When a breach occurs that shares our personal information we immediately think about identity theft and credit card fraud. More recently we are seeing more health information compromised as well, but the Adult FriendFinder breach changes that focus. The hack still revolves around personal information, but with the exception of the username/password, it does not include social security numbers or credit card numbers. Rather, this breach is focused on a persons sexual preferences or desires.
According to the story at CNN and other news sources, username and passwords were retrieved. As with any breach like this, it is recommended to change your passwords on other sites if you are reusing them, and definitely change the password for this site. While that can be devastating if your username/password combo work on other sites, especially financial sites, we are seeing a different concern arise here.
There are a lot of different data privacy or data breach notification laws that have been passed throughout the country. Originally the focus was on identity data, then moved to health data. Even more recently, Illinois is trying to include marketing data as well. In this situation, we have sexual preference data. This isn’t used to steal a persons identity or charge up their credit card accounts. This type of data is used for extortion or reputational harm. In our overly judgmental society, this type of data can destroy your livelihood.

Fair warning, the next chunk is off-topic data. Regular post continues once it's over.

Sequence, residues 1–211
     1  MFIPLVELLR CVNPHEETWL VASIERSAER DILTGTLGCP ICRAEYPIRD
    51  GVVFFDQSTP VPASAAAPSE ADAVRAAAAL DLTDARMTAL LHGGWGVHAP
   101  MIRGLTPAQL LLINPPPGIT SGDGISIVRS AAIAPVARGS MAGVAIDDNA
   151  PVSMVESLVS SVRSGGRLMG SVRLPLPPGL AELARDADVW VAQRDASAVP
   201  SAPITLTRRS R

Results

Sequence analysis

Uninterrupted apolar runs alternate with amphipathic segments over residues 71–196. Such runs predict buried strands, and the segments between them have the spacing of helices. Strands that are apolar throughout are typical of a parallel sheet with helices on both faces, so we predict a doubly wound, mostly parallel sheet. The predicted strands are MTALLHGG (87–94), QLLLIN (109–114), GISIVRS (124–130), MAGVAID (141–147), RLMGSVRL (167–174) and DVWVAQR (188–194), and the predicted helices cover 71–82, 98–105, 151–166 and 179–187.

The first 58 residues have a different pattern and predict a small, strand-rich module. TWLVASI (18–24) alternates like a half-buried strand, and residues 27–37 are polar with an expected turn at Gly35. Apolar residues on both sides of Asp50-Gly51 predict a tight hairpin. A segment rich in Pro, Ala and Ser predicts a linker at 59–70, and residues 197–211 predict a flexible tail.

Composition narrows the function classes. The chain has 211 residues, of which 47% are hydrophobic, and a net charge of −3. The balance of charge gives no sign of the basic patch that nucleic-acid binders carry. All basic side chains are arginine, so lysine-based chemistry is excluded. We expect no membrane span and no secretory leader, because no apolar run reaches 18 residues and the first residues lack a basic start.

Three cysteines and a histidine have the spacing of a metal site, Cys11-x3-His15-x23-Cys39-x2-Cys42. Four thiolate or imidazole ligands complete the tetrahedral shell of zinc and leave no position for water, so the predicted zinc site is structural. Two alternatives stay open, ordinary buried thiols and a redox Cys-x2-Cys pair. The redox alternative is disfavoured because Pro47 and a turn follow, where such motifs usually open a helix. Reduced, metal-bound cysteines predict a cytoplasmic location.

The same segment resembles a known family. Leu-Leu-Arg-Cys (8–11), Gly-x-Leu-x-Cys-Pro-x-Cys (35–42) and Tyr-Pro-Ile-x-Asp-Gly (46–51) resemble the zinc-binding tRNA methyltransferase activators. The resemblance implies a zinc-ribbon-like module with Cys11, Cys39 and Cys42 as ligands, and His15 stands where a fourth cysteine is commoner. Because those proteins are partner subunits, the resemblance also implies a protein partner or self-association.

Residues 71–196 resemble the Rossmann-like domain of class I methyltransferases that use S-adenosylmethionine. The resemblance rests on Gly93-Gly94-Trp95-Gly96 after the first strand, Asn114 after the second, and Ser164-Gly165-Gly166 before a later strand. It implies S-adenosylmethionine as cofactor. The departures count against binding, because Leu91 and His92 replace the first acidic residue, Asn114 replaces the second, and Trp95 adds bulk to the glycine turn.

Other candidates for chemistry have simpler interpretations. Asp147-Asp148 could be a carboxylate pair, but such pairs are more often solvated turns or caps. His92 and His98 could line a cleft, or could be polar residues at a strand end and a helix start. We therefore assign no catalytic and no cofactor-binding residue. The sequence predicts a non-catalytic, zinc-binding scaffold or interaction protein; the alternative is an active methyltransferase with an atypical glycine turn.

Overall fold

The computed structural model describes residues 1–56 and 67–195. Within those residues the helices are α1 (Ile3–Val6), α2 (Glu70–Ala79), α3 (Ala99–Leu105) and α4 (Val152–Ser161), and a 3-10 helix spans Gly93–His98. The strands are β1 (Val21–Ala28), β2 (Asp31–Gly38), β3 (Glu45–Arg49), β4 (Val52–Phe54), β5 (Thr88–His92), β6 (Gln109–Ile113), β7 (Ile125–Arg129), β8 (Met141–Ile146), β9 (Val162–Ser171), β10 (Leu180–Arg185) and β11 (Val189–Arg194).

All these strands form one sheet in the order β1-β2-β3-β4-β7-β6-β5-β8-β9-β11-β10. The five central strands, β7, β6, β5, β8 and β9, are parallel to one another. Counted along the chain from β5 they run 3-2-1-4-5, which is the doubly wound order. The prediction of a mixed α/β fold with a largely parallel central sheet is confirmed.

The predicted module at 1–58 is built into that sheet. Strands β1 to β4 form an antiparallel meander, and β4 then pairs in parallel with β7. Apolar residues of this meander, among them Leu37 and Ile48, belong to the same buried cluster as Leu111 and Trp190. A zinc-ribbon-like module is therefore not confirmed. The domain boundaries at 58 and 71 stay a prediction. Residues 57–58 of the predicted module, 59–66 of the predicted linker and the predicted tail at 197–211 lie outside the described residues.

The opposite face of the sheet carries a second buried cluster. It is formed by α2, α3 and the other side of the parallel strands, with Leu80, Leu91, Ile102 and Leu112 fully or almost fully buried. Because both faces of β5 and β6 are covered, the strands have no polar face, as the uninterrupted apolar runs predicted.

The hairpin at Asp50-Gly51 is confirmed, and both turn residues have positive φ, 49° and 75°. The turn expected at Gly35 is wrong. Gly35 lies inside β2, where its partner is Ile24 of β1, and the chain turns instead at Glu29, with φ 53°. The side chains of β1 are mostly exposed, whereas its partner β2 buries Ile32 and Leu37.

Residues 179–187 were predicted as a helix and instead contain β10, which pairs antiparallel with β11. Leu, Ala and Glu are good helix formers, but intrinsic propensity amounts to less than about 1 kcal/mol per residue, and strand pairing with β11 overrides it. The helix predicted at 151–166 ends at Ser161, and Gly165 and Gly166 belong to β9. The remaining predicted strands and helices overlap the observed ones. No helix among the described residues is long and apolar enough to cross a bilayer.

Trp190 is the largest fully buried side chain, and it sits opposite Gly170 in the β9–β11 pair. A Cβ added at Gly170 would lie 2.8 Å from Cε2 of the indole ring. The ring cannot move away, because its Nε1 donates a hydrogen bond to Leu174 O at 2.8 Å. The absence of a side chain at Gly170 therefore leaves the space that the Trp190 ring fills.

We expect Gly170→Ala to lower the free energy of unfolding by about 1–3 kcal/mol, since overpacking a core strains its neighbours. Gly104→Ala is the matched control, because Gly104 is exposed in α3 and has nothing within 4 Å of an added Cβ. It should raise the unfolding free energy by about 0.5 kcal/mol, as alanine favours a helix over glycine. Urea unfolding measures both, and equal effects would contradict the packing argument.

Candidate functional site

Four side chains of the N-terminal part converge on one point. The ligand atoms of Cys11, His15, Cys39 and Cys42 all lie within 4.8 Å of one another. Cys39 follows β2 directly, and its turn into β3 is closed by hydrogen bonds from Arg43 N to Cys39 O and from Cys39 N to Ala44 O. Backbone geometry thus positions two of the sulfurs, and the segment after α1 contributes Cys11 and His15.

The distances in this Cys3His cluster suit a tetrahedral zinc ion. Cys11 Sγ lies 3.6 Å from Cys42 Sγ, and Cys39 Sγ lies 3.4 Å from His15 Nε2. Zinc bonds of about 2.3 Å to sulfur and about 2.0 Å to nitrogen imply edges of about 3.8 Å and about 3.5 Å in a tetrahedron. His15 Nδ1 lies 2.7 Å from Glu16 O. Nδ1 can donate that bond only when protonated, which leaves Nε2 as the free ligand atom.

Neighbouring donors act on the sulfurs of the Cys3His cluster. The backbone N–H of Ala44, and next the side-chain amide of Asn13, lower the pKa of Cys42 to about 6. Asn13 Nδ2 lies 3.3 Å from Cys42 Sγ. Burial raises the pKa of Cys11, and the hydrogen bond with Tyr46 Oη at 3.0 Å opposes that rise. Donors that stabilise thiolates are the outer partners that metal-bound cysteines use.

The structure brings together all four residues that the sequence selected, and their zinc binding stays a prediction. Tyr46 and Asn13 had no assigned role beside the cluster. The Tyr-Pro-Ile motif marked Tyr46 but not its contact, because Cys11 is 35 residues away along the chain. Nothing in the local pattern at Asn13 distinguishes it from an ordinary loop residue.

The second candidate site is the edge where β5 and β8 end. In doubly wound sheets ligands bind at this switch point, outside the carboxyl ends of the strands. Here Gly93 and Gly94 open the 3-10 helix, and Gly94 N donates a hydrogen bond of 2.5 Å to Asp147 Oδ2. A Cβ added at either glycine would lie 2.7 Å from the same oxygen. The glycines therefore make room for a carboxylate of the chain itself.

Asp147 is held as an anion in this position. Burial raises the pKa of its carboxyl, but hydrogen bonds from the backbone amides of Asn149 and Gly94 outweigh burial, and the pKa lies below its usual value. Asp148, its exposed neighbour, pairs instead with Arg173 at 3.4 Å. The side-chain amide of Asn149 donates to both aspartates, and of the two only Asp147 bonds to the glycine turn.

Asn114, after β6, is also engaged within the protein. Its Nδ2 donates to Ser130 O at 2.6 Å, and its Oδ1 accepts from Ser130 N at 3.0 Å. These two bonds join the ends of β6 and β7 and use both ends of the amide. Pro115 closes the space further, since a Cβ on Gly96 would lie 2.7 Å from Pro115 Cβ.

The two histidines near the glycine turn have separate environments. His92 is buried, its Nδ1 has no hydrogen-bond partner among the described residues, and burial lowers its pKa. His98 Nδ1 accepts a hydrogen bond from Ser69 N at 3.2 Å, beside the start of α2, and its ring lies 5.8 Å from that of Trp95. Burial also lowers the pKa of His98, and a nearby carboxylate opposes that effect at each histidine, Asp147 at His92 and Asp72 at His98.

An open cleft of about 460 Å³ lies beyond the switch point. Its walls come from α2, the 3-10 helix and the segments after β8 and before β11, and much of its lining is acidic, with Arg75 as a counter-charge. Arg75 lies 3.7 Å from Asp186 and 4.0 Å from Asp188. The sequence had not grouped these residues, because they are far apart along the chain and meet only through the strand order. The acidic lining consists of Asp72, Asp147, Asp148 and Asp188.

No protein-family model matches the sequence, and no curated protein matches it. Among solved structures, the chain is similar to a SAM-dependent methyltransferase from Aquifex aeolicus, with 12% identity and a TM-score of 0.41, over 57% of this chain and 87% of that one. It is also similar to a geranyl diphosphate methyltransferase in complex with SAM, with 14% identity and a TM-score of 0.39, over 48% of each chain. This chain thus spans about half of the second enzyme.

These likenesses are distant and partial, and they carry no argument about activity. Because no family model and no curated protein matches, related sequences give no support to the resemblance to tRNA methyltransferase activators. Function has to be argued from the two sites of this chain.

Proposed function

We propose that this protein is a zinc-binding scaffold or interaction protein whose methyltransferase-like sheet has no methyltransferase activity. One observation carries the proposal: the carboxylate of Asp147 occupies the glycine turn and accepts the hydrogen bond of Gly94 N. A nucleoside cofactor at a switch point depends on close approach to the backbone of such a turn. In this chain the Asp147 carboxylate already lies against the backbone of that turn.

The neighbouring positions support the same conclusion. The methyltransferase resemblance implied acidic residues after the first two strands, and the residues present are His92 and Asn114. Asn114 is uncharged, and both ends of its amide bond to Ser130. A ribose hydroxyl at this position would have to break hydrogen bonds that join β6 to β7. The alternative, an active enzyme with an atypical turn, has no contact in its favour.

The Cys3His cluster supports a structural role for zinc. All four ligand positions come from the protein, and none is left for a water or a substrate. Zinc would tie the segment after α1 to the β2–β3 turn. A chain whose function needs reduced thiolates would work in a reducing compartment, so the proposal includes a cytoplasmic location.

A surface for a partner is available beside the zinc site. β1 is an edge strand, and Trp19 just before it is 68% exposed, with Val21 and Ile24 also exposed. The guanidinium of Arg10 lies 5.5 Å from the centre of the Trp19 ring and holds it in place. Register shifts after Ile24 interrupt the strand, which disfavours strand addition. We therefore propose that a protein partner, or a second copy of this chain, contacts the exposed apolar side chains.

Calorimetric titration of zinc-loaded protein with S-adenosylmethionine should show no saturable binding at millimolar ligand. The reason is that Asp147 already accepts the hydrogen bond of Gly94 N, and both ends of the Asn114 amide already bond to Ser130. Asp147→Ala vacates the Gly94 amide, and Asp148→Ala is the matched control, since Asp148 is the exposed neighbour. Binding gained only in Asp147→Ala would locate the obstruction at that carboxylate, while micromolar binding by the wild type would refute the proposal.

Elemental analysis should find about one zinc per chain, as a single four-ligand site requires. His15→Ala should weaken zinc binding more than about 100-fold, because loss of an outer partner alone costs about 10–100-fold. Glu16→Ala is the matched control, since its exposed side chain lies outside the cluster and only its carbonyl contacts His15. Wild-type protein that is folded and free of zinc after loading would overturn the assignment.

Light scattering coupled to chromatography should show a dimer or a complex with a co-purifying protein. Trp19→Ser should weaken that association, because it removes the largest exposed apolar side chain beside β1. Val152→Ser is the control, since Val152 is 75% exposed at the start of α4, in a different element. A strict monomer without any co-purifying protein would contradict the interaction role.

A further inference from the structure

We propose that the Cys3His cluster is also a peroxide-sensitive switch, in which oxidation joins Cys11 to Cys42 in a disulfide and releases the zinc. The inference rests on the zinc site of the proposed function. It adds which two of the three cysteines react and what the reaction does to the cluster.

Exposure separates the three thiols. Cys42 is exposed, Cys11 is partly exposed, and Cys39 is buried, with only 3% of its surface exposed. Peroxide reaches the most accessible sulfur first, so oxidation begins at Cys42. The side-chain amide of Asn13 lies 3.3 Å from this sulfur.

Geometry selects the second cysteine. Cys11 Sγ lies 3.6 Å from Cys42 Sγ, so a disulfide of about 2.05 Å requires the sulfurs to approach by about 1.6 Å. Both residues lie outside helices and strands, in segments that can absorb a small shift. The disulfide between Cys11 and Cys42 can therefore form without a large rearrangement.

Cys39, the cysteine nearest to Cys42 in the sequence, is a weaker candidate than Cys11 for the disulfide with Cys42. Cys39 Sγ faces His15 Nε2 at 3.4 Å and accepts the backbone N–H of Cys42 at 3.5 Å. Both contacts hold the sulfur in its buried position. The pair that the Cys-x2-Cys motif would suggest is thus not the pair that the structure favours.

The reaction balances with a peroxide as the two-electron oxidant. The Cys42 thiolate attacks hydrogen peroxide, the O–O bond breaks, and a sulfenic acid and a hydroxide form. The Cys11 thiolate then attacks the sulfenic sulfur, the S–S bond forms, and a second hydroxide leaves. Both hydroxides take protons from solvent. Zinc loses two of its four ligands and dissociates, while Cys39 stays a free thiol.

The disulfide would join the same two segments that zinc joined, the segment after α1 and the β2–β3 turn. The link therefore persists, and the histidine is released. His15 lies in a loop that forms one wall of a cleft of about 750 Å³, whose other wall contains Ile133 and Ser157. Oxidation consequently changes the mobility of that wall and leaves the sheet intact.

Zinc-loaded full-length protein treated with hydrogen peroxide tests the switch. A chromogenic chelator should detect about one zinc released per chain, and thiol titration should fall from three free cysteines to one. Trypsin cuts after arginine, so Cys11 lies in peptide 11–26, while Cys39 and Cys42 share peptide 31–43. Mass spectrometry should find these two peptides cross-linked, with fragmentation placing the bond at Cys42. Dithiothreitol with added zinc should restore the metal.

It has already been shown that victims of the breach can be identified and that there are bad guys that are already using this data to start attacking them. How could they attack? The easiest way is by using identified social media accounts to send spear phishing attacks about the situation to them. A user clicks on the link in the email attack and is presented with a malicious file that gives the attacker control over their machine. This is probably the most likely attack because it is easy and efficient.
The second option is to extort those victims. Tell them that you have this information and if you don’t pay a large sum of money, that information will go public. Of course that information pretty much is public, and the organization of that may be more costly to the bad guys making this less attractive.
In either case, they are playing off of the victim’s fears of this information being leaked. Unlike a credit card number or a password, you can’t just change this information once it is made public. You can attempt a cover story of “that isn’t me” or “I just made that up” but recovering becomes a nightmare.
Even worse, besides not using the site, there is nothing you could do to prevent this hack. While they haven’t given details of how the site was hacked, it appears as though it was from the server, and not a user’s computer. Of course, there is a chance that this could be wrong, but if not, a user of the site has very little control over this happening. We rely on a site to protect this type of data because when they don’t, it can create a nightmare for the users of the site.
If you think you were a victim of this breach, be on the look out for phishing emails. Emails that claim to be about this breach asking you to go to a site to change your credentials, or input other information. Go to the site directly and change your password. If extortion occurs I would recommend reaching out to the local authorities for assistance on what to do.